I have delayed writing to you so as to allow myself time to see the condition of this Army. On my arrival, I found the enemy threatening our position. I was, however, delighted to find our troops anxious for battle. He, the enemy, withdrew after taking a look, and is now resting with his advance at Ringgold.

I am exceedingly anxious, as I expressed to you before leaving Richmond, to have this Army strengthened, so as to enable us to move to the rear of the enemy and with a certainty of success. An addition of ten or fifteen thousand (10,000 or 15,000) men will allow us to advance. We can do so anyhow by uniting with Longstreet.

But so much depends upon the success of our arms on this line, that I thoroughly appreciate the importance of collecting together all the forces we possibly can, in order to destroy the Army under General Grant. We should march to the front as soon as possible, so as not to [93] allow the enemy to concentrate, and advance upon us. The addition of a few horses for our artillery will place this Army in fine condition. It is well clothed, well fed, the transportation is excellent and in the greatest possible quantity required.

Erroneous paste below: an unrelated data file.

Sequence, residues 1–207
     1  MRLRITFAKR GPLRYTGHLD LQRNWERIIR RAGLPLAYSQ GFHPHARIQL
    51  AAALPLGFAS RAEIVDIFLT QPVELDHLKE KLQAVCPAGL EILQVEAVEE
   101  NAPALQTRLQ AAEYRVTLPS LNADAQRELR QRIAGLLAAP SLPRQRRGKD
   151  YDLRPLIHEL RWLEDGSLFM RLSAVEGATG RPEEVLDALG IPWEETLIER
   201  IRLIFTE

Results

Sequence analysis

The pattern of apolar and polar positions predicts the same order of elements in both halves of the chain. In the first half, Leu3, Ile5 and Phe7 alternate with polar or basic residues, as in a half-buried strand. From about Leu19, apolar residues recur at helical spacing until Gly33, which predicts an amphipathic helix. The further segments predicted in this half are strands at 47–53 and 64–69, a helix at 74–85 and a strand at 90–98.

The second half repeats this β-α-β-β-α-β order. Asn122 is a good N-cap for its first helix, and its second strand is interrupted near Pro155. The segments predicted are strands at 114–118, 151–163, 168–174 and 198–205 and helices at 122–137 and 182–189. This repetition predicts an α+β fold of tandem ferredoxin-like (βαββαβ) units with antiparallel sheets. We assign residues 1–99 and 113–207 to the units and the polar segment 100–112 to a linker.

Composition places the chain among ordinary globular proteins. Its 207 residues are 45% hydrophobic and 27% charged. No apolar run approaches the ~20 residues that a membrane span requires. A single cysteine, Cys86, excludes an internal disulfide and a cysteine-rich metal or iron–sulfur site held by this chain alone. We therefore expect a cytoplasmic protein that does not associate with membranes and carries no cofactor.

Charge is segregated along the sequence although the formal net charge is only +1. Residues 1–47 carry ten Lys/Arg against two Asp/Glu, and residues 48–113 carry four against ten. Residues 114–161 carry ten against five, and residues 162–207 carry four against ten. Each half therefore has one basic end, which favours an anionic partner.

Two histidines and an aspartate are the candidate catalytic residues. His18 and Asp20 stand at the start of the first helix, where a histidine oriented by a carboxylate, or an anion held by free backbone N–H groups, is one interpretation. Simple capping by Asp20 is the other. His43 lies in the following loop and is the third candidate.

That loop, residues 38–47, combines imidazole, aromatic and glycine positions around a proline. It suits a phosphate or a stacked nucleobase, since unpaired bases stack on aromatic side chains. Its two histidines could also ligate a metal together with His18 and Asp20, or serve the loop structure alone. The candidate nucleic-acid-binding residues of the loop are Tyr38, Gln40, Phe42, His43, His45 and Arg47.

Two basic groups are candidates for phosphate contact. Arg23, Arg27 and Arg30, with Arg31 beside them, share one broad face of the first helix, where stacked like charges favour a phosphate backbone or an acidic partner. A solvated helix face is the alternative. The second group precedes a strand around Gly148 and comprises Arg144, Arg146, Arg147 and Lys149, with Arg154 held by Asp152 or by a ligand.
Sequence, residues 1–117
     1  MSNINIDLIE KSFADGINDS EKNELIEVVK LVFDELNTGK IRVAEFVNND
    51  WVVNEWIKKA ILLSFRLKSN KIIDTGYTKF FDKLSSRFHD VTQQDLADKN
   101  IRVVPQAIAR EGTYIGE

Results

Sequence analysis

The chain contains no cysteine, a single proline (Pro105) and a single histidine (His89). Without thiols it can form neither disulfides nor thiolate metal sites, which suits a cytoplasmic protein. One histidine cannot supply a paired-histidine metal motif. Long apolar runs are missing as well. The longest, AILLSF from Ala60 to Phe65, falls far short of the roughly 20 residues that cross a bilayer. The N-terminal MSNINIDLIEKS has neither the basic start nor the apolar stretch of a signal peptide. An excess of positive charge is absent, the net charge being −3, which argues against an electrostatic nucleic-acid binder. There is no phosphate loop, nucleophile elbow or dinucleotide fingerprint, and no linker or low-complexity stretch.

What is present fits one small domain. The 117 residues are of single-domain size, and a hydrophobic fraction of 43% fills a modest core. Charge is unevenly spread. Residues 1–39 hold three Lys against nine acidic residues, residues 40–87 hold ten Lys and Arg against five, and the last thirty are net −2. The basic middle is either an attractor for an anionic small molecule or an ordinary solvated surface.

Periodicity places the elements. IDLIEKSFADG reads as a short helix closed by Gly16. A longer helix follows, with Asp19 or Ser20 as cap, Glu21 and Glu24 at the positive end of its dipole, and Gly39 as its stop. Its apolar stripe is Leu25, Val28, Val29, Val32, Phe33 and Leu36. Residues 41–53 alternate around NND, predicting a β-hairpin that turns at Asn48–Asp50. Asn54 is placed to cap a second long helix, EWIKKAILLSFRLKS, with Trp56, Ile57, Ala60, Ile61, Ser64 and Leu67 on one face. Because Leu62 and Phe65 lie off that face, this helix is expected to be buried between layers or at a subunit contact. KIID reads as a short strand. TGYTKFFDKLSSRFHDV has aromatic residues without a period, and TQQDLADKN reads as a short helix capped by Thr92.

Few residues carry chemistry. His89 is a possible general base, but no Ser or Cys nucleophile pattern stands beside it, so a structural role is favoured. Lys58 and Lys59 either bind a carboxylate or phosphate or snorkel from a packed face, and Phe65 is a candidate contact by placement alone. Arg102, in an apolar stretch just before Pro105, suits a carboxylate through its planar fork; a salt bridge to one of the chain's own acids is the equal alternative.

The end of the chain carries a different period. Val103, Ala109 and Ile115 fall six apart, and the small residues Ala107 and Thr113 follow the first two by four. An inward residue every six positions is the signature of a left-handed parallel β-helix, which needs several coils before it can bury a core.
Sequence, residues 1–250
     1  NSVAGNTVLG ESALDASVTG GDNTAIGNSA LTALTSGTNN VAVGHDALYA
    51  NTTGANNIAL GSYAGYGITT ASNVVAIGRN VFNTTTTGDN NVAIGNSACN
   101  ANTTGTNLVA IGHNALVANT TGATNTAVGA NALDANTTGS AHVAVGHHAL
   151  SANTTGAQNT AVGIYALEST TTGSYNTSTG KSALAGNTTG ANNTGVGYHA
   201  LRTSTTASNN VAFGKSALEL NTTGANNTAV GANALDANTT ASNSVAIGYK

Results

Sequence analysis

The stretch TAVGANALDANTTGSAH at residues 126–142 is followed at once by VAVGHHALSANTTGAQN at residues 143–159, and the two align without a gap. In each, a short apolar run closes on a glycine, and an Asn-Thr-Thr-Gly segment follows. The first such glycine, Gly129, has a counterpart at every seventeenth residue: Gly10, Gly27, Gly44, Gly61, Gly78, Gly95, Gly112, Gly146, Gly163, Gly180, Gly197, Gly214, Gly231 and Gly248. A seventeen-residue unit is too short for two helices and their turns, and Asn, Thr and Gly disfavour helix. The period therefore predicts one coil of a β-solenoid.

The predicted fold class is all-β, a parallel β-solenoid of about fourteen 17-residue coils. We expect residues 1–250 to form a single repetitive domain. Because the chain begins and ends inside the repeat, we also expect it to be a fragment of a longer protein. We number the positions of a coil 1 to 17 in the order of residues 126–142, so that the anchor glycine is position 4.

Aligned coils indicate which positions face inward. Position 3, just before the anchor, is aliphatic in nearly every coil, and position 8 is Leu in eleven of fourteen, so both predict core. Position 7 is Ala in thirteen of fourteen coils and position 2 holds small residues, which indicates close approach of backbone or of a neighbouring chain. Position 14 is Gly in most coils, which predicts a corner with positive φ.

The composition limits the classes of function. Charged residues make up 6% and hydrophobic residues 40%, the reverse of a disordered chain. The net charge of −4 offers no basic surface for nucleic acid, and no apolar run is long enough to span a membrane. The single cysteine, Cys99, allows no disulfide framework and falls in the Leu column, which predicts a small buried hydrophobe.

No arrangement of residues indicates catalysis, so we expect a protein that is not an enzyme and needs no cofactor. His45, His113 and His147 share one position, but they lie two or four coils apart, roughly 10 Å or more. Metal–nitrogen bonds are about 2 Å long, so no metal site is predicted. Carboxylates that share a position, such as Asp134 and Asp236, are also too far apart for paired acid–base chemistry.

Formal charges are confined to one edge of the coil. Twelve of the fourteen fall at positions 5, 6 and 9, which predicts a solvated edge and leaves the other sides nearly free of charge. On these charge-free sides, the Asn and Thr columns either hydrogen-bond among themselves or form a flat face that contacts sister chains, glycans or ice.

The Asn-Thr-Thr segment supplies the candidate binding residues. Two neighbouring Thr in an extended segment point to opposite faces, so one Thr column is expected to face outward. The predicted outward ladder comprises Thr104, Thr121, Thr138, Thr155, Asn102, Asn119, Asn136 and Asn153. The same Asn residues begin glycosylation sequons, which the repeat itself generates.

I feel that a move from this position, in sufficient force, will relieve our entire country. The troops under Generals Polk and Loring having united with the forces here, and a junction being made with General Longstreet, will give us an Army of sixty or seventy thousand (60,000 or 70,000) men, which I think should be sufficient to defeat and destroy all the Federals on this side of the Ohio river.